The King’s Man (2021) Review

During World War I, the Kingsman agency begins to form in a stand against those who betray their countries, going to places that the secret service cannot reach.


The King’s Man is a step back in time and a prequel to Kingsman: The Secret Service and Kingsman: The Golden Circle, showing how the organisation begin and what it was all really about. This had to be a forward step as The Golden Circle did not quite live up to the levels of The Secret Service.

We get plenty of new and different characters thrown into the mixer and some of them are rather well known historical figures. Orlando Oxford is a our reluctant leading man who has done nothing but protect his son Conrad for the past twelve years after the murder of his mother Emily. As he has gotten older and with the war breaking out Conrad wants nothing more than to go and fight for his country, using his military links from his own time serving Orlando ensures that his son will never see a battle field with Kitchener firmly on his side.

However, as he then ventures to Russia the father/son duo work very well together and the set of skills his father possess somewhat impresses Conrad. Orlando hopes that helping his country and coming up against Grigori Rasputin would be enough, however Conrad gets his wish to enlist and with a change in identity with a fellow solider it certainly does not go to plan at all. That was the first twist I really did not see coming at all and it pushed the emotional levels of the film very high and I was not expecting that either, a very nice surprise it has to be said. With his trusty workers Polly and Shola by his side, who are so much more than the staff they appear to be!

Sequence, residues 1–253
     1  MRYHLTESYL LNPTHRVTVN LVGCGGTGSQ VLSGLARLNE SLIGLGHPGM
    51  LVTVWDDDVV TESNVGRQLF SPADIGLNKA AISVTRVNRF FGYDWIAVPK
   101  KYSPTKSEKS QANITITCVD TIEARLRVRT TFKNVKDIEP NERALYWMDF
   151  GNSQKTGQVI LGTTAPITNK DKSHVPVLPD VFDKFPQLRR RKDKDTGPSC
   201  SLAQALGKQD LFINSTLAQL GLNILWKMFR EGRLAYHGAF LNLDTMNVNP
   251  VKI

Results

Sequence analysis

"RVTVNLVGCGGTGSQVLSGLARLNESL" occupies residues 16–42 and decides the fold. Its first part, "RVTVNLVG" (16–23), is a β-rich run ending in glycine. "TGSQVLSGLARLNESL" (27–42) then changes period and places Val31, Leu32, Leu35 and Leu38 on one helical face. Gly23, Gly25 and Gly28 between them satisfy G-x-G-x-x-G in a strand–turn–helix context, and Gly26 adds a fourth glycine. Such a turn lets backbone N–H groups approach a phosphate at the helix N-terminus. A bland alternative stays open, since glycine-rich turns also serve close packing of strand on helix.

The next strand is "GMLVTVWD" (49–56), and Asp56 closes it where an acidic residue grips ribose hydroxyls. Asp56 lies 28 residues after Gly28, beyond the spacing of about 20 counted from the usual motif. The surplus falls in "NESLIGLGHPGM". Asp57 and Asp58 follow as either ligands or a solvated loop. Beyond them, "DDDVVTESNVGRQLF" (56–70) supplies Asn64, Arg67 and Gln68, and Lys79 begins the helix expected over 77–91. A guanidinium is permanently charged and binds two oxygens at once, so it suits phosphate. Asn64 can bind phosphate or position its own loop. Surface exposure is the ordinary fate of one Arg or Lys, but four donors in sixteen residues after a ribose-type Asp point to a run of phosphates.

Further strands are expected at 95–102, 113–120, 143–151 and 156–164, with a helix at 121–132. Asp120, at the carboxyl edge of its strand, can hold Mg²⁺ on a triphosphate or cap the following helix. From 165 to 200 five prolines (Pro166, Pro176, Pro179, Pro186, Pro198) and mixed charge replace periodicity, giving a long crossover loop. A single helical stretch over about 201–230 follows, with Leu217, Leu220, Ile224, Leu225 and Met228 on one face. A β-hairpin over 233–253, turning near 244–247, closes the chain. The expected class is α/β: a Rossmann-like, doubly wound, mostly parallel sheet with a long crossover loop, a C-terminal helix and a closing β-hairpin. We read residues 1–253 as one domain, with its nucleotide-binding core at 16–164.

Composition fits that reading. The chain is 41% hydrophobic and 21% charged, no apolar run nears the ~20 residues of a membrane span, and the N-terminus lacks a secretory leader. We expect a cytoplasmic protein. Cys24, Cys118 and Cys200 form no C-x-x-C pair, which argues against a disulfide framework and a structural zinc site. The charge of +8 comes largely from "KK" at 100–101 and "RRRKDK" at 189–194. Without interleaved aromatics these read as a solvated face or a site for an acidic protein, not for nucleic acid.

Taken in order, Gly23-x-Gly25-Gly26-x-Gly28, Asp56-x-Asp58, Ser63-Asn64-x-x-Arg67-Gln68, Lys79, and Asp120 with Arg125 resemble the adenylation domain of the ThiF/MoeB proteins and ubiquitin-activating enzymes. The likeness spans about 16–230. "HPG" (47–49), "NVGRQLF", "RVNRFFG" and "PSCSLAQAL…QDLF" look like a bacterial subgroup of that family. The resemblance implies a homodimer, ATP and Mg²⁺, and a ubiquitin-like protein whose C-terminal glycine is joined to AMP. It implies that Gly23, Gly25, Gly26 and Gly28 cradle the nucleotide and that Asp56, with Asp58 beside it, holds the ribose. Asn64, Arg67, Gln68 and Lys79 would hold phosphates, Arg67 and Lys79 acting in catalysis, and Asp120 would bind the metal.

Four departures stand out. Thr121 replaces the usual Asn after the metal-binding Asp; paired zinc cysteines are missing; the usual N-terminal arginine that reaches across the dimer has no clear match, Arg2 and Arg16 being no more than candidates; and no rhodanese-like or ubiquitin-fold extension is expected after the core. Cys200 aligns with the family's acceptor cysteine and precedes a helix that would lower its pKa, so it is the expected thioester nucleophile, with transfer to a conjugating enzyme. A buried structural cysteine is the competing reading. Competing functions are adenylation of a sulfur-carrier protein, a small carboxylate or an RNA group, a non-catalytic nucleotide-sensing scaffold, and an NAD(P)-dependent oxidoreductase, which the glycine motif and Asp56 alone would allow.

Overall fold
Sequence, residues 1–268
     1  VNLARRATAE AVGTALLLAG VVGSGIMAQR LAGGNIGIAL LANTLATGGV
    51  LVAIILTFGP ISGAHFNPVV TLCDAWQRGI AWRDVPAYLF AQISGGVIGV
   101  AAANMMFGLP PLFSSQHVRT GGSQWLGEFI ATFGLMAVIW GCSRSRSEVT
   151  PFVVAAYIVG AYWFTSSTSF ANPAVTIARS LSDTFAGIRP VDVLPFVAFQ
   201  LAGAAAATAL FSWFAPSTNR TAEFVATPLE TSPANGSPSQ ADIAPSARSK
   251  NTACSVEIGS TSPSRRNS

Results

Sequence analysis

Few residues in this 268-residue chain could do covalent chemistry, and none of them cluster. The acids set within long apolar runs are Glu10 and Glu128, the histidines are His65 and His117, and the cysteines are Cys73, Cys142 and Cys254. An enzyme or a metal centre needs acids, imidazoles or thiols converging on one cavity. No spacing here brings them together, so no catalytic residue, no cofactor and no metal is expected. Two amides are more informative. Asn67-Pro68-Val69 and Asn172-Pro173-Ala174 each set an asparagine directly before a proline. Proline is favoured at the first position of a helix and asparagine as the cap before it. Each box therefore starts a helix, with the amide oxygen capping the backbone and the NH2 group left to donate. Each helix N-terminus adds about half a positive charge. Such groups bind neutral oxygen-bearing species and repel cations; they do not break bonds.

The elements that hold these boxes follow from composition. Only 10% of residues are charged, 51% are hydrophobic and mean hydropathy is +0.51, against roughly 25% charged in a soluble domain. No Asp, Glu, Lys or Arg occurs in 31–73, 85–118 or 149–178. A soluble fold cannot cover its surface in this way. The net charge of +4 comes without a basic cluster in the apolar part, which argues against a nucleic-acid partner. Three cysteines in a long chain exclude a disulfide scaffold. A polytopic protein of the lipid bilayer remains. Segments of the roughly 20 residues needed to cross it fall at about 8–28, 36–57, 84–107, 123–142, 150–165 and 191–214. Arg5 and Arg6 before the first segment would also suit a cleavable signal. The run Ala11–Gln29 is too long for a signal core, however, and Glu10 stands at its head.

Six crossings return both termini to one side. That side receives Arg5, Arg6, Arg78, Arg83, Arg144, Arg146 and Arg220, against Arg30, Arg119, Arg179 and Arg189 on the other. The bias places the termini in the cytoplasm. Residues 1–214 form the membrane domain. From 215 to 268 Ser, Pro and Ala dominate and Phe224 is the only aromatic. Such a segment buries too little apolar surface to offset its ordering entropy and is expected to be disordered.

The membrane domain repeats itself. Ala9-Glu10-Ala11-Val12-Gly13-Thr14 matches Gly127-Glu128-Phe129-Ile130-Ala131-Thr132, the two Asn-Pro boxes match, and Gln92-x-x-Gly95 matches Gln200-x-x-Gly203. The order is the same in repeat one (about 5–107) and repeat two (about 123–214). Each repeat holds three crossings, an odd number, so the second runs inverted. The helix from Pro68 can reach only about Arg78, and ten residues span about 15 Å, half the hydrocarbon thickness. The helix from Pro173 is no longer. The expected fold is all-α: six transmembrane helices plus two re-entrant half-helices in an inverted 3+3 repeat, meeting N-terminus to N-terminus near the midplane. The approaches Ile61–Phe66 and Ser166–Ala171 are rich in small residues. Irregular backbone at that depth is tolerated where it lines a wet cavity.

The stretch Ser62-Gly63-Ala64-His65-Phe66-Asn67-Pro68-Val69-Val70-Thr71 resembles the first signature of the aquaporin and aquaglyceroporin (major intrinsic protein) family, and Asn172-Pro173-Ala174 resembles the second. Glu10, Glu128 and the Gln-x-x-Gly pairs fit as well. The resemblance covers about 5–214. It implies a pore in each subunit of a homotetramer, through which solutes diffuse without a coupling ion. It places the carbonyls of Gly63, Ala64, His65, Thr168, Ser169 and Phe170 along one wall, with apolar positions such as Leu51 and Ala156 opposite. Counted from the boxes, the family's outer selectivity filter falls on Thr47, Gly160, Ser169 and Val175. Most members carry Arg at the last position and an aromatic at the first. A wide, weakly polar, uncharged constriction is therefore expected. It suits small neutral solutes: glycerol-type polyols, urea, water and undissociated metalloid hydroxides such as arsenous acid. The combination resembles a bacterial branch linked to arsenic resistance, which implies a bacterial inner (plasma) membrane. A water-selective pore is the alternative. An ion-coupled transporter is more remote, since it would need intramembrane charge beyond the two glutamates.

There was another surprise which was even better than that quite frankly! While all that was going on, some man, a Scottish man for a matter of fact who we never get to see his face sets up people from around the world to be his strange gang. Giving them all rings with different animals on and living on a remote cliff. Seriously though I totally thought it was Alan Cummings, sounded exactly like him! Anyway who that character was gave it a very good twist, I couldn’t help but laugh though with the claims that a Scottish man was behind the war in a way to get back at England.

The pace of the film was very good throughout and Ralph Fiennes gave everything that I had hoped for in this type of role. Isn’t this his spy role and everything we can then pretend that M did before becoming M in Bond? Anyway Gemma Arterton was a standout and given a fantastic character in Polly and pretty much the driving force in what would become the Kingsman agency. Djimon Hounsou was a joy as well, having great chemistry with Fiennes and Arterton. Harris Dickinson was also very good and mixed in well with them all. Rhys Ifans was truly hilarious as Rasputin and the way he was dance fighting was a highlight in terms of standout scenes. Was great to see Charles Dance on the big screen again as well! Massive shoutout and credit to the utter genius who had Tom Hollander take on three roles, outstanding casting!

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